The Big, Fat, Comprehensive MotoGP Silly Season Update

Secrets are hard to keep in the MotoGP paddock. When it comes to contracts, usually someone around a rider or team has let something slip to a friendly journalist – more often than not, the manager of another rider who was hoping to get a particular seat, but lost out. It is not often that real bombshells drop in MotoGP. So the report by Italian sports daily La Gazzetta dello Sport that Repsol Honda were in talks to sign Jorge Lorenzo came as a huge shock. The assumptions that almost everyone in the paddock had been making – that Lorenzo would be riding a full factory Yamaha M1 in a Petronas-funded satellite team operated by the Sepang International circuit – turned out to have been nothing more than a useful smokescreen.

Here’s a First Look at the MV Agusta Moto2 Race Bike

After a substantial hiatus, MV Agusta is headed back to the Grand Prix paddock – though the Italian brand’s return isn’t into the MotoGP class. Instead, MV Agusta will take a more measured, and a more curious, entry with a Moto2 team. Set to use a 765cc Triumph three-cylinder engine in the class from 2019 onward, it is a little curious to see MV Agusta racing in the Moto2 series, but the similarities between the British engine and what MV Agusta itself produces in Italy, is perhaps close enough. While we don’t expect to see the MV Agusta Moto2 bike on the track until next month, today we get our first glimpse at what the race bike will look like. Unsurprisingly, the machine looks very much like the three-cylinder MV Agusta F3 supersport.

Well It’s Official: HRC Signs Jorge Lorenzo for MotoGP

Yesterday the shock news from the MotoGP paddock was that Dani Pedrosa was to leave the Repsol Honda team, after 18 years with HRC and Honda. Now, the news continues to astound, as HRC has confirmed that is has signed Jorge Lorenzo to a two-year contract with its MotoGP program, which will see the three-time MotoGP world champion join Marc Marquez in the factory Honda team. The terse HRC announcement confirms reports that were published yesterday, almost immediately after Dani Pedrosa’s departure from Honda was made public. A bit of a surprise to paddock pundits, who had widely tipped Lorenzo as headed to a satellite Yamaha effort, Lorenzo’s jump to Honda is certainly an interesting one.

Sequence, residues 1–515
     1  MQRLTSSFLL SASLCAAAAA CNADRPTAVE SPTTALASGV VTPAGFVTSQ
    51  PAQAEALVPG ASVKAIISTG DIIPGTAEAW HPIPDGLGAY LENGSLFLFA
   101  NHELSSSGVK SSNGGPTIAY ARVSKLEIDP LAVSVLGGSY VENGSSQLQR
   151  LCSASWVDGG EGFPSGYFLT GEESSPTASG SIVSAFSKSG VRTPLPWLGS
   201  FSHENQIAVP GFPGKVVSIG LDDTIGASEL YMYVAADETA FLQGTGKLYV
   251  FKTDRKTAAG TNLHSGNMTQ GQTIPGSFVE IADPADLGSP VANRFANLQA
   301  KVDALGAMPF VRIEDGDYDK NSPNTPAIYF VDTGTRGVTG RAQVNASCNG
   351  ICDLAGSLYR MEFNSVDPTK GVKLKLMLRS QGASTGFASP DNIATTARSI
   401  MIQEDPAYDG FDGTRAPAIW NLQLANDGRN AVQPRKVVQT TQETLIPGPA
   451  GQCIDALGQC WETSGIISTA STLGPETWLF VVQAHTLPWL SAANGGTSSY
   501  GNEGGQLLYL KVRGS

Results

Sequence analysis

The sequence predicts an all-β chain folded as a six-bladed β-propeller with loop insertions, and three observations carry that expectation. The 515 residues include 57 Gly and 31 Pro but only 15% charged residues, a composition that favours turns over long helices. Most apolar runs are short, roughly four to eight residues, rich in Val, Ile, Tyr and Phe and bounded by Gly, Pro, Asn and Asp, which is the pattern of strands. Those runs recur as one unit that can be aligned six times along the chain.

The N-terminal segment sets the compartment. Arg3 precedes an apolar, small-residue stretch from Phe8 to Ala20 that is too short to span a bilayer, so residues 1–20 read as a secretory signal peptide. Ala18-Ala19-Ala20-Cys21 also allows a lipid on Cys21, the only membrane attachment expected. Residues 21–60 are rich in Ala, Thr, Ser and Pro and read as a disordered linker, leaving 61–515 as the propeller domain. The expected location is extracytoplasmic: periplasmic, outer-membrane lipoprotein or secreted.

Making the Jump From BSB to Ballagarey

Peter Hickman and Josh Brookes are two riders who have proved that short circuit riders can still make the switch to the roads. Twenty years ago the, top British short circuit riders were all racing on the roads. Whether you were an up and coming John McGuinness, or an established star like Michael Rutter, it was expected that you would join the list of short circuit racers that raced on the roads. The practice was as old as factory contracts, and it was expected that if you wanted to have the best bikes in the British championships, you would race at the North West 200 and the Isle of Man TT. That practice has slowly faded out, but in recent years the move has been made by some short circuit riders to return to the roads.

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It looks like Norton wisely waited until after the bevy of press releases from the INTERMOT show, before teasing its V4 superbike again. Actually, it looks like we will have to wait until after the EICMA show as well, since Norton’s new teaser video promises a November 19th debut.

Norton’s V4 superbike has been coming for a long time, so the unveiling should be something interesting to finally see. The British firm has been targeting 200hp from its 1,200cc V4 engine.

The Brits over at MCN say that there will be two versions of the machine, a base model that costs roughly £28,000, and a higher spec version that will be limited to 200 units and cost closer to £40,000.

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Skully Sends Update Regarding Its Delayed Helmets

08/05/2015 @ 5:32 am, by Jensen Beeler15 COMMENTS

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Most Asphalt & Rubber readers are aware of Skully, the San Francisco startup that is making a helmet with an integrated heads-up-display (HUD), and many A&R readers are also aware that Skully is now officially late in delivering its maiden product to the masses.

Finally acknowledging the tardiness to its 2,000 or so early-adopting customers, Skully has released a video (after the jump) explaining its activities, and that the company is on-track for its new delivery date, before the end of the year – or as they say in marketing speak: just in time for Christmas.